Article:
iLive-T consoles drive Brad Paisley tour’s Water World stage

One of the bright spots in the 2010 summer tour season has been the Brad Paisley H2O Tour, a fan-friendly affair that offers exceptional entertainment value. Two iLive-T digital consoles were chosen to run the two-hour pre-show concert at the “Water World Plaza Stage” just outside the main venue on a portable stage set-up. Up-and-coming country stars Steel Magnolia, Easton Corbin and Josh Thompson perform, with over 5,000 fans typically attending the Water World Plaza Stage.


To meet the logistical challenge, audio provider Sound Image selected the 2 Allen & Heath iLive-T 112 digital mixing consoles for both front of house and monitor duties. “With three bands and five-minute changeovers in between, there’s a lot of action,” says monitor engineer Scott Ferguson. “But Bill and I both have our scenes set for the next band long before the stage is reset. I’ve got to say the iLive-T is extremely user-friendly and makes my job easier than a lot of other digital consoles would.”

FOH engineer Bill Chase agrees. “The iLive takes console setup out of the equation for us,” he states. “The order of the bands changes every day, so we have scenes for each console that only bring up the inputs we need. Up on stage, we keep the entire backline on stage for the full show, and all three bands share a drumkit, bass rig and mic package. I just have to move mics between guitar amps between acts, which happens pretty fast. If it wasn’t for guitar tunings, we could probably do it in under three minutes.”

Both Chase and Ferguson are first-time users of the iLive console. Their first exposure was at Sound Image’s annual employee seminar event last winter, but both got their hands-on baptism during tour rehearsals in early May. “We didn’t even have an iLive in the Nashville shop until just before rehearsals,” Ferguson recalls, “so I read up on it online, downloaded the software and set up a show file on my laptop. As soon as the consoles showed up in our offices, they went straight into rehearsals. It was pretty easy to pick up.”

Bill Chase is especially fond of the iLive’s customizable interface. “It’s great being able to move my channel strips where I want, so I can have the inputs and DCAs I want right at my fingertips. That’s one of the things I like when I first started getting into this console. It’s made a big difference in the way I’m mixing the show.”

In monitor world, Scott Ferguson is running stereo in-ears for all the bands, with an added subwoofer wedge for the drummer. Out at FOH, Bill Chase’s output configuration includes stereo mains, plus a pair of frontfill outputs, deployed via the console’s matrix, and a dedicated subwoofer pair. “I really like the console’s dedicated sub preset, because it’s differentiated from a regular Aux Send, and it’s always on the surface. Very cool design.”

After helping set up Paisley’s main PA in the morning, the two engineers move to the Water World Stage in the afternoon. Scott Ferguson handles the mic placements, with Bill Chase doing final tweaks before moving to FOH. Typically, the first act takes the stage at 4:45 and things continue until 6:25, just before the doors to the main venue are opened. “There’s no time for sound checks, so we use the same presets every day,” notes Ferguson. “We might have to do a little tweaking, maybe due to traffic noise, or if we have to set up near a brick wall, but the EQ and effects on this desk make that pretty easy.”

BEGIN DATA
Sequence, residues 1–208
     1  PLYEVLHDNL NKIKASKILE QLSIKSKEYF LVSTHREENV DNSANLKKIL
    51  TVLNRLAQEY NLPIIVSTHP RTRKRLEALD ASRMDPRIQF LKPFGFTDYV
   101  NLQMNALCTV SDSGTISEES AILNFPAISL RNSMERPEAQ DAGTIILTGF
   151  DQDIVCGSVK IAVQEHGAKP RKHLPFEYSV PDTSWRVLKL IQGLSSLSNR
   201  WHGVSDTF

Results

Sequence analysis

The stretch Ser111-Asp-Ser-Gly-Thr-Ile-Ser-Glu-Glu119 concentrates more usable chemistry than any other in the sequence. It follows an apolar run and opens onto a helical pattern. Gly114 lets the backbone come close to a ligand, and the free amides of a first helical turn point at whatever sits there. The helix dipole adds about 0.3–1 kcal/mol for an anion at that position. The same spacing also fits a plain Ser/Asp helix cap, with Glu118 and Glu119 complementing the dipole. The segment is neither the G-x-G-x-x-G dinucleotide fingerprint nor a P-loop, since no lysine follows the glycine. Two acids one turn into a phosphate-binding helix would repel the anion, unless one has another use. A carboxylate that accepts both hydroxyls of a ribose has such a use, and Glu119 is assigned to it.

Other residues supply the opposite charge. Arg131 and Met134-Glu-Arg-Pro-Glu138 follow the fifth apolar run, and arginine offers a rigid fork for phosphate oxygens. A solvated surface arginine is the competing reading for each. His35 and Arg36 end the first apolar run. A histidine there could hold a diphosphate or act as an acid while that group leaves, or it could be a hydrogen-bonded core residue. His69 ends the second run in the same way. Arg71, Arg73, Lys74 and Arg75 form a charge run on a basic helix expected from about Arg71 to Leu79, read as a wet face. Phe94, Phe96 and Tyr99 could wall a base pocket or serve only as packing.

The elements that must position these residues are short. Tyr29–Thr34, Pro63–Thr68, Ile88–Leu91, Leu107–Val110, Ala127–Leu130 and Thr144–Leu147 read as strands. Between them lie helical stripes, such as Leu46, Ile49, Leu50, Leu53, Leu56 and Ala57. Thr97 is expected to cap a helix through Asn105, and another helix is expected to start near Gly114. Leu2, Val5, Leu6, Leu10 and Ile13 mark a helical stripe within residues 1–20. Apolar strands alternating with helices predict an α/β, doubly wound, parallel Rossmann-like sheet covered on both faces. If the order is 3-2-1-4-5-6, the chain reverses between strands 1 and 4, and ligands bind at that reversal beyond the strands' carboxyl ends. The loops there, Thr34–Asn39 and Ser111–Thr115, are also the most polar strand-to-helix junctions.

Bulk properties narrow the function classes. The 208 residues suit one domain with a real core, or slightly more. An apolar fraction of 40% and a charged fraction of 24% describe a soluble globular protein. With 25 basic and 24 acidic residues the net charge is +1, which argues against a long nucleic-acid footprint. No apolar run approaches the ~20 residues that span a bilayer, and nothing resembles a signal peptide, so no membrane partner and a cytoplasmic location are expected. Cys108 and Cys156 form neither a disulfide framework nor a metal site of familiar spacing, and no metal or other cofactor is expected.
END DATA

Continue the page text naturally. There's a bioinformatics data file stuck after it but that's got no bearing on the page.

The post-show procedure is equally streamlined. “We’re expected to get out by 8:00, including PA, lights and stage,” he says. “The first thing I do is save my scenes. If I made any changes, I make a new scene. Then I go to my show file, archive the show. I do that every show, save it to the console and then again to a memory stick. After that, it’s the physical tear-down.”

Both engineers appreciate the iLive’s physical design and DSP engine. “I remember thinking at first that it was weird, having the channel strip sideways, but it’s very easy to get used to,” says Chase. “I love having that large area to work with, with all the features spread out so you can’t grab the wrong knob. The quality and quantity of available effects is very nice. You don’t have to sacrifice graphic EQs for FX. I’m able to have separate FX for different vocals, a different reverb for toms versus snare, etc. It’s got a little warmer sound than most digital desks, and having a side chain on the compressor and gating is definitely a step up from other consoles in that price range.” 

In fact, Chase is using the iDR effects engine for both individual channel inputs and to fine-tune his PA outputs. “Our PA crossovers, hi-passes and driver delays are set within our amps, but I’m also using the iLive’s output parametric and graphic EQ, plus delay settings to time-align the frontfills and subs to the mains. It’s a pretty powerful machine.”

As an example, Scott Ferguson mentions the iLive’s RTA function. “Being able to use real-time analysis on the iLive to meter the frequencies is a great tool for jobs like ringing out wedges. Being able to just see the bad frequencies at the console and immediately cut them made things very quick, a lot more painless. That’s a good example of how this console is designed make things more efficient on tour.”

“The way I see it, this console is ideal for sound companies, because every tour and every engineer can configure it in a way that’s comfortable for them,” concludes Bill Chase. “The fact that Scott and I use the same console for both house and monitors, and we’re both happy with it, says a lot. Based on my experience, I’d say the iLive-T 112 is definitely a multi-act, tour-worthy console.” 





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